Bishop Castle, Colorado
Bishop Castle, Colorado

You really have to climb it to fully experience this place, but I was able to get a few quick snaps whenever I could convince my fingers to loosen their grip on whatever handhold I could find. Terry, one of the riders in our group, had no such qualms:

DSCN3722

Yeesh. I hyperventilate just looking at the photo. Plus — added bonus — the whole thing shimmies with every footstep ANYONE takes ANYWHERE on the iron part of the structure.

Safety precautions at Bishop Castle
Safety precautions at Bishop Castle

I think you should consider this a dead end and choose another route.

In case you can’t really tell how high this is, check out our Harleys in this photo shot from inside the sphere. Go ahead and get your magnifying glass. I’ll wait.

From inside the sphere atop Bishop Castle
From inside the sphere atop Bishop Castle

That’s the dragon to the right, unfortunately (fortunately?) not spewing flames when we were there. Rumor has it there’s a plan for a new burner that would be able to shoot flames 30 feet. Not sure how you get a permit for that in a state with annual raging wildfires. Hm.

Here’s another shot of the dragon:

DSCN3724

The drive alone was spectacular, along the Frontier Pathways Scenic and Historic Byway, and this place must be seen to be believed. There seem to be several Bishop Castle websites, so just Google it and take your pick, but whatever you do, find a map or directions so you can start planning your very own scary climbing adventure!

Bon courage!

Iron Mountain Road and Needles Highway 2013

It’s snowing like mad tonight, which made me decide it is the perfect night to sit in front of the fire and remember summer. Here’s another post about Sturgis 2013:

Besides shopping, Sturgis week is about scenic rides, of course, and as a passenger of a rider I trust, I was free to enjoy the scenery.

Iron Mountain Road, near Keystone, South Dakota
Iron Mountain Road, near Keystone, South Dakota

All week long we rode past photographers snapping away, always with a big sign letting you know which website to check in search of your photo. I bought this one, because it absolutely captures our riding experience: me relaxing on the back, David eyes forward with laser focus. The road you see in the background is where we just were about three seconds before this shot was taken. Iron Mountain Road is stitched together with little curliques of wooden bridges, which I loved–David, not so much.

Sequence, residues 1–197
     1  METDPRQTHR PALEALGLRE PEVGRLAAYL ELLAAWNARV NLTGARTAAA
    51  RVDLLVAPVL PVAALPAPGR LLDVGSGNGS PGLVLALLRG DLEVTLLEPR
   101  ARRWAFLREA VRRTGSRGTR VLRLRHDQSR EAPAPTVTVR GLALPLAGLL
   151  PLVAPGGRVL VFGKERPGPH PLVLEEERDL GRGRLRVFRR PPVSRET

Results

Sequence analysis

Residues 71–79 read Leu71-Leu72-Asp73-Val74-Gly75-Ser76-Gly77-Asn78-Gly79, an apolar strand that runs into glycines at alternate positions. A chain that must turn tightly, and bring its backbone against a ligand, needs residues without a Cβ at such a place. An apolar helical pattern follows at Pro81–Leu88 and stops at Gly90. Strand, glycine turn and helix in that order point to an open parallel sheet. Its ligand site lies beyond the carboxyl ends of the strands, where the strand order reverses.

All in-motion riding photos are taken with my little pocket-sized Nikon CoolPix. Love my Canon DSLR, so it lives in a case until we STOP.

Iron Mountain Road, South Dakota
Iron Mountain Road, South Dakota

Needles Highway was similar. The passengers were snapping photos non-stop. The drivers were white-knuckling it through all the hairpin turns, trying not to overbalance and lay down the bike if someone ahead happened to stop suddenly. There was a lot of traffic, mostly Harleys, but also a few dazed-looking out-of-towners in sedans and station-wagons, no doubt wishing they’d picked a different week for their vacation. So there were occasional sudden slow-downs and you REALLY did not want those to happen in the middle of a hairpin turn. It wouldn’t have been catastrophic, because speeds are so low on sharp turns, but it wouldn’t have been fun either, and there’s a fine line between too fast and too slow on a curve when you’ve got 1200 leaning pounds of Harley, luggage, passenger and self.

Needles Highway, Keystone, South Dakota
Needles Highway, Keystone, South Dakota

But when the traffic stretched out a bit, it was just plain beautiful.

Iron Mountain Road, South Dakota
Iron Mountain Road, South Dakota
Needles Highway, near Keystone, South Dakota
Needles Highway, near Keystone, South Dakota
Needles Highway
Needles Highway
Stretching Break!
Stretching Break!
Lots of time for self-portraits!
Lots of time to practice self-portraits!

Sturgis 2013

Yes, I know I should be adding to the category “Countdown to Departure” but that’s mostly packing, and packing is BORING, and TEDIOUS, and a lot of work . . . and . . . I haven’t actually done any packing yet–David is the hero who has done all the packing so far.